The announcement that Charlottesville's City Council wants to increase the stock of so-called "affordable housing" by a significant fraction sent me back to look at one of my earliest blog posts. Before revisiting that piece (which was the republication of an article I wrote in 1997, for what it's worth), let's look at this week's news.
Rachana Dixit wrote in the Daily Progress on February 1:
The City Council has agreed that Charlottesville’s affordable housing stock should increase to 15 percent of all city housing in the next 15 years.Now, take a look at what I wrote on December 23, 2004, but replace references to "Arlington" and "County Board" with "Charlottesville" and "City Council," and fast-forward dates from 1997 and 2047 to 2010 and 2060. (Just thinking of those upper-digit years sends shivers up one's spine.)
“Housing is just as important as the other infrastructure we invest in in our community,” Councilor Holly Edwards said during the council’s meeting Monday.
Upping Charlottesville’s affordable housing percentage from 10 percent — the current amount, according to an affordable housing report completed by the city’s Housing Advisory Committee — to 15 percent would require the city to commit an average of $1.7 million each year until 2025, or a total of roughly $25.7 million. This would be needed to add and preserve 2,350 affordable housing units, the report states.
Moreover, Arlington suffers many of the same problems that communities across the United States do. Housing policy expert William Tucker explained in Reason magazine that "researchers estimate that zoning delays and building- code requirements add some $15,000 to $30,000 to the price a new home in many parts of the country. ‘Starter homes' -- simple, no-frills structures that first-time home buyers can afford -- are almost impossible to build in exclusive suburbs. Apartments are fought everywhere. . . . Then people wonder why we have an 'affordable housing problem.'"Little has changed in the past five (or even 13) years that would make me amend what I wrote back then, except to state it more baldly: "Affordable housing" by design has to be cheap or low-quality housing. If it isn't, the builder has to lose money on it (in the absence of a transfer payment from taxpayers). Government intrusion in the marketplace interrupts the circulation of housing that makes older units "affordable" (relatively less expensive) and brings new, higher-quality units onto the market. It may seem paradoxical, but if we want "affordable" housing in the future, we should be building "unaffordable" housing today.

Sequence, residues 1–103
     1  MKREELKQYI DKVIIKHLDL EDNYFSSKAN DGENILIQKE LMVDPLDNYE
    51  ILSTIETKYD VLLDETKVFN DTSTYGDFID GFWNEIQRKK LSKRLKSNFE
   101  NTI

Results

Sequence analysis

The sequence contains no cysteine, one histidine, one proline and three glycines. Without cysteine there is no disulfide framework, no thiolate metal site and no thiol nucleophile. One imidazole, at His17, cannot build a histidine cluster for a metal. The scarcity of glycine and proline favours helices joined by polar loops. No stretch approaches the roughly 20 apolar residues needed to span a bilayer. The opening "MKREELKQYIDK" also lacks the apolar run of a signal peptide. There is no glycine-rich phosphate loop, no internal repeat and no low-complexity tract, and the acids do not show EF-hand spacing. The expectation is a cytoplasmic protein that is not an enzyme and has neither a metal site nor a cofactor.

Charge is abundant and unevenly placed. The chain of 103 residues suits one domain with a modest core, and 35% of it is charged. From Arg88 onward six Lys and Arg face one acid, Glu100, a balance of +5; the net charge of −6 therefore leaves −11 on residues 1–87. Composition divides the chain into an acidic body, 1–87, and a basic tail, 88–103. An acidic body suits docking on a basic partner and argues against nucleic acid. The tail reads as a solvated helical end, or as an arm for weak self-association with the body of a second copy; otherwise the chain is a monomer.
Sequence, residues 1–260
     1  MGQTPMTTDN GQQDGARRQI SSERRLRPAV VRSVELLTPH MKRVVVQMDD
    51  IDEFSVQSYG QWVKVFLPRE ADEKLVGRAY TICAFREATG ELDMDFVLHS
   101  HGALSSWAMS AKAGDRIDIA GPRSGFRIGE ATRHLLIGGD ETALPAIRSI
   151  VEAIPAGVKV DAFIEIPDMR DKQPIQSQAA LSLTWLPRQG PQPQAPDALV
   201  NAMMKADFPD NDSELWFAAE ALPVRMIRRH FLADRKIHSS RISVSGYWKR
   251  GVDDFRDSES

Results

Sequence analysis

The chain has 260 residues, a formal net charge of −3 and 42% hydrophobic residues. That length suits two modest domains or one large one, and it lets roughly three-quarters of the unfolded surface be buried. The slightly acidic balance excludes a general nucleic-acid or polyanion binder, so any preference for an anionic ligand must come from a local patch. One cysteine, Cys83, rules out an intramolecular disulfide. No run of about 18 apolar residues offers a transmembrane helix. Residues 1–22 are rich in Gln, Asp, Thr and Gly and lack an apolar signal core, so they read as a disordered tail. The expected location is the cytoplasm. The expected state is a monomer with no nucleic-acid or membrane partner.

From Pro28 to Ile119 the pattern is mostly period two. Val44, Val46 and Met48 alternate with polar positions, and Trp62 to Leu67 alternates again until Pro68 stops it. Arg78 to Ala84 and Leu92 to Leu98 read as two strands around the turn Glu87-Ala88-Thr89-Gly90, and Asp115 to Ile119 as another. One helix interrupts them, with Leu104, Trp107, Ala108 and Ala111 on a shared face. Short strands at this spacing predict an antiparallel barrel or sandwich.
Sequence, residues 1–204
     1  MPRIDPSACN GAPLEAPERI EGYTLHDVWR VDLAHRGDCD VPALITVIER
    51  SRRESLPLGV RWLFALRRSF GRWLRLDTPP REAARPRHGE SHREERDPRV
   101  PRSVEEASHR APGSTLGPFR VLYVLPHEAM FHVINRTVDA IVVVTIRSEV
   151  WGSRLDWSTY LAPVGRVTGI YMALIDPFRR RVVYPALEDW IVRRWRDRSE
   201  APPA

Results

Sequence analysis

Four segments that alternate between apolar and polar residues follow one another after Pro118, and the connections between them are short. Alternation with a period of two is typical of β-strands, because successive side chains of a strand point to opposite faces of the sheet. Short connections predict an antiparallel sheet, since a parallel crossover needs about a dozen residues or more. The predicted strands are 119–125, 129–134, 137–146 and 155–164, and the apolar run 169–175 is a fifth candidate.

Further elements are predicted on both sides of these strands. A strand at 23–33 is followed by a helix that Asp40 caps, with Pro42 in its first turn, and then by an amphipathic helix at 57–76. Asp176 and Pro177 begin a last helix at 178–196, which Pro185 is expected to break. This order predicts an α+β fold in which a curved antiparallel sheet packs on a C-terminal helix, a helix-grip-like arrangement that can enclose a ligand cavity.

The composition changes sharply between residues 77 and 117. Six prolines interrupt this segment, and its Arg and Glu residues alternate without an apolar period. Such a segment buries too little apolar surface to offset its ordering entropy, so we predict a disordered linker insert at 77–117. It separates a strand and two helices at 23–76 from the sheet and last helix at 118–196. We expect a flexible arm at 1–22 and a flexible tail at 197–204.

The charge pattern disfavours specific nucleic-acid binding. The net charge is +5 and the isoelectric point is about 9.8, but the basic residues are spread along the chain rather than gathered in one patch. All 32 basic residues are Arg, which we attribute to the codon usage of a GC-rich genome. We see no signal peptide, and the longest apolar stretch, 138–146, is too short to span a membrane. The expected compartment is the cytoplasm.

We need to reframe the debate by removing the term "affordable housing" from our lexicon. "Affordable housing" is a weasel word that confuses more than it assists us in discussing housing policy. All housing is affordable to somebody. We should rather talk about low-income or moderate-income housing. That's the real issue.
Most low-income housing in Arlington was once owned or rented by middle- and upper-middle income residents. Colonial Village and Buckingham, for instance, were built almost 60 years ago to house well-paid New Deal bureaucrats who came to Washington from around the country and needed a place to live.
Over the past six decades, that housing has deteriorated and lost its value for upper-income people. It has therefore become available to lower-income groups. This scenario has been played out across the country. In cities like Philadelphia, Cleveland, Milwaukee, and Richmond, houses that were once mansions owned by rich people have been subdivided into apartments for low- income tenants.
County Board Member Eisenberg and others would like to see a greater emphasis placed on low-rent units today, so that 10 percent of the county's housing stock falls into that category. Can you imagine what low-rent units built for 1997 will look like in 50 years? They will decay so rapidly that by 2047, they will be -- as one homeowners' advocate so aptly put it -- "mere shells," inviting disintegration, grime, and crime. Such decay may happen even sooner.
The flexible and adaptable housing market provides better long-term prospects. Whenever a developer builds a rental unit for a middle- or upper- income tenant, he frees up a unit that tenant formerly occupied for a lower- income resident to move into. That resident's former apartment then becomes available for someone from an even lower income group.
When government intervention -- whether in the form of subsidies or rent control -- takes place, the housing cycle becomes disrupted. The supply of housing does not circulate fully or smoothly, driving prices up. This makes rents and mortgage payments higher for everyone.
Even though Charlottesville is a small city and Arlington is about five times as large (and is an urban entity overlaid with -- or masquerading as -- a county-government structure), the problems and solutions remain the same. The economic realities of the housing market apply across the board, whether we are talking about large cities or rural areas, suburbs or exurbs, Manhattan (Kansas) or Manhattan (Big Apple).
Mayor Dave Norris and his fellow council members are well-intentioned. It is good to make home ownership available to as many people as possible, and also to prevent homelessness. Intervening in the housing market through subsidies and regulation of housing providers, however, will do little more than shift the problem either from one taxpayer to another or from one jurisdiction to another. After all, the housing market of the City of Charlottesville is not self-contained; it is integrated with the markets of Albemarle, Fluvanna, and Nelson counties, and other areas beyond the our metropolitan area are affected, as well.
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